United States

Texas: Taxpayer Allowed to Deduct Subcontractor Payments in Calculating Taxable Margin; COGS Computation Should Not Start With Federal COGS

Aug 21, 2017
From KPMG TaxWatch

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Recently, a Texas appeals court addressed whether a taxpayer qualified for an exclusion from total revenue and whether it properly computed its COGS deduction. The taxpayer was primarily engaged in the business of surveying, manufacturing, upgrading, and repairing offshore drilling rigs. To compute franchise tax liability, a taxpayer must first determine its total revenue. Total revenue is generally defined with reference to certain line items on the taxpayer’s federal income tax return. In computing total revenue, certain exclusions are allowed, including exclusions for certain types of flow-through payments. At issue in the case was a statutory exclusion in effect for the tax year at issue for certain subcontracting payments mandated by contract that were “handled by the taxable entity to provide services, labor, or materials in connection with the actual or proposed design, construction, remodeling, or repair of improvements on real property or the location of the boundaries of real property.” The taxpayer filed its franchise tax return for the year at issue deducting from total revenue payments made to subcontractors for labor. Following an audit, the Texas Comptroller determined that the taxpayer could not exclude the subcontractor payments from total revenue, but that certain of the labor costs could be deducted as COGS. The Comptroller also pared down the taxpayer’s original COGS deduction. The end result was that the taxpayer was assessed additional tax and interest. After a trial court ruled in favor of the taxpayer on the subcontractor and COGS issues, the Comptroller appealed to the Texas Court of Appeals.

Before the appeals court, the Comptroller argued that amounts the taxpayer paid over to subcontractors for labor expenses could not be excluded from total revenue because the taxpayer’s written customer contracts did not specifically mandate that the payments for labor be distributed to the subcontractors providing the labor. The court rejected this argument, observing that the Comptroller’s interpretation was contrary to the plain language of the statute and the court’s holding in Titan Transportation. As the court held in Titan Transportation, the “mandate” for payment distribution may be contained in either a contract with the customer or in a contract with the subcontractor. The exhibits admitted at trial established that the taxpayer was obligated by contracts with its subcontractors to pay for the labor. The Comptroller also argued that the labor the subcontractors performed on the rigs was “two steps away” from the actual or proposed construction of improvements on real property. Specifically, the taxpayer performed work on offshore drilling rigs, rather than work on oil wells, which all parties agreed were improvements to real property. The court again rejected this argument and held that at least certain of the labor costs for work on offshore drilling rigs—equipment that was undisputedly integral to drilling offshore wells—was reasonably connected to the construction of oil wells. Because the Comptroller had taken an all or nothing position on the subcontractor costs and had failed to preserve the argument that some of the costs did not qualify, the taxpayer was entitled to exclude all of the subcontractor labor costs from total revenues. The appeals court next held that the trial court erred when it upheld the taxpayer’s original COGS deduction and ruled that the Comptroller’s calculation of the taxpayer’s COGs was incorrect. Although the case was ultimately remanded for additional findings on the COGS issue, the court held the taxpayer’s use of the federal COGS calculation as a starting point for calculating the Texas COGS deduction did not provide sufficient evidence to support the claimed deduction. In the court’s view, Texas law mandates that the COGS deduction be computed on an item-by-item basis. And, if this mandate was too difficult, the court observed that the taxpayer could elect to use another method to compute taxable margin (i.e., deducting compensation or simply paying tax on 70 percent of total revenue). For more information about Gulf Copper and Manufacturing Corp. v. Hegar, please contact Doug Maziur at 713-319-3866.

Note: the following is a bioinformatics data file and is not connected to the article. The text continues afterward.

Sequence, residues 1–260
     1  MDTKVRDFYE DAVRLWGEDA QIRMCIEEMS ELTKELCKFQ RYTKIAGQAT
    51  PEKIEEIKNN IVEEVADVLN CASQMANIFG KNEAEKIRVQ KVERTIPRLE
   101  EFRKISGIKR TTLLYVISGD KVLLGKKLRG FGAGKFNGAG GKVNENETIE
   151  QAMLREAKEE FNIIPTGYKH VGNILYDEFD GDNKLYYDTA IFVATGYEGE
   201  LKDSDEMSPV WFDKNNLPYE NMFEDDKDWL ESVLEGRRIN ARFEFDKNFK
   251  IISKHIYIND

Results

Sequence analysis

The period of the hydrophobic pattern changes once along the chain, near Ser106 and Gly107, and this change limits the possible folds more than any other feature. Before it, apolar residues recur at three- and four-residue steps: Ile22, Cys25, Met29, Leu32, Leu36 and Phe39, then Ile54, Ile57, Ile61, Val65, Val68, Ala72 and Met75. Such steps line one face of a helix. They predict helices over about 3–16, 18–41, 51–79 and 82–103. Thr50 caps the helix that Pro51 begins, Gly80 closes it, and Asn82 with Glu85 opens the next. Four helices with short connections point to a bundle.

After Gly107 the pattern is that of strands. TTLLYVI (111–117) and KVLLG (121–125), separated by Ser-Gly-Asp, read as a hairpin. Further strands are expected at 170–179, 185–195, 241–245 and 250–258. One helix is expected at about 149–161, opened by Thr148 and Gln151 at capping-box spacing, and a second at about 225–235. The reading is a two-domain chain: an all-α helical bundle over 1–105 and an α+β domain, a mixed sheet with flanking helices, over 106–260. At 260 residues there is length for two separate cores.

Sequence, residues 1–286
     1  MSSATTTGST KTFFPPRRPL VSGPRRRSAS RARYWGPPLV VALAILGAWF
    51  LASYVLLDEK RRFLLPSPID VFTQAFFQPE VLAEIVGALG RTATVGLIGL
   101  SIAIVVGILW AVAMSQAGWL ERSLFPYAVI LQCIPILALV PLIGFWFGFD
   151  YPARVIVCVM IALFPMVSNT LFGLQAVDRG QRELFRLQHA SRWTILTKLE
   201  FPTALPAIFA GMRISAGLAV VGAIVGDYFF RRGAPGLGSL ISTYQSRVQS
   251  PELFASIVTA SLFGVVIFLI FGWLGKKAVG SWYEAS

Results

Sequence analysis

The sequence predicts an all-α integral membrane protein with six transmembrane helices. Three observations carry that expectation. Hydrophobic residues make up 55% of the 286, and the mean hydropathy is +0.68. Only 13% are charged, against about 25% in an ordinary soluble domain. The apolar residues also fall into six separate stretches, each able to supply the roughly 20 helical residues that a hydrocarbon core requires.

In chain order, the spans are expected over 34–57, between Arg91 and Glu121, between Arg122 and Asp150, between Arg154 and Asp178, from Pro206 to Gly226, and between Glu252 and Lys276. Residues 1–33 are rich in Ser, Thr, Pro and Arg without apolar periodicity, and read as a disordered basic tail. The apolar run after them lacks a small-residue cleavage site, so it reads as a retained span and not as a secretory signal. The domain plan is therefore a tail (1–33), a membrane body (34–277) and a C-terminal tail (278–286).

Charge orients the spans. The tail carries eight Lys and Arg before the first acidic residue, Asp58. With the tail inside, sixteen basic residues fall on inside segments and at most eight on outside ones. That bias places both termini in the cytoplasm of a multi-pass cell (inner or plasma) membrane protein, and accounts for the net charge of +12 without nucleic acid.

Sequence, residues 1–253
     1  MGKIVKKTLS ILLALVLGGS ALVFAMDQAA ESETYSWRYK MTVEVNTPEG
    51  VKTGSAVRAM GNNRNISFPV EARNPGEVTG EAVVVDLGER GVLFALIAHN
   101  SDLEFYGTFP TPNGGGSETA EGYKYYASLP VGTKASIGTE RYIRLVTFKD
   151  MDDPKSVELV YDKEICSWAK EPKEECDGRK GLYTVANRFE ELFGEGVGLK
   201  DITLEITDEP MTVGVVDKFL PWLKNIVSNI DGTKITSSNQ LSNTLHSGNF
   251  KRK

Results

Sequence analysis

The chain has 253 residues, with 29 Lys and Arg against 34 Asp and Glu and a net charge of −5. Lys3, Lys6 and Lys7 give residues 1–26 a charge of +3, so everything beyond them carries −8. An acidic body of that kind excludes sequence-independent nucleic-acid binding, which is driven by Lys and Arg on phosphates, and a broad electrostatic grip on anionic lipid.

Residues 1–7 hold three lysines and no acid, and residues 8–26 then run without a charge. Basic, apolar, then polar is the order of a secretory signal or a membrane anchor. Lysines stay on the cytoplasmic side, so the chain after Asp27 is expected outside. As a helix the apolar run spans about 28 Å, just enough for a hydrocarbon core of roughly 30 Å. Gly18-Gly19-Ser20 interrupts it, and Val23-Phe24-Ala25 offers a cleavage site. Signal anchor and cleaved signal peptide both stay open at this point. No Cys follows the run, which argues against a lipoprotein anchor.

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The following information is not intended to be "written advice concerning one or more federal tax matters" subject to the requirements of section 10.37(a)(2) of Treasury Department Circular 230.

The information contained herein is of a general nature and based on authorities that are subject to change. Applicability of the information to specific situations should be determined through consultation with your tax adviser.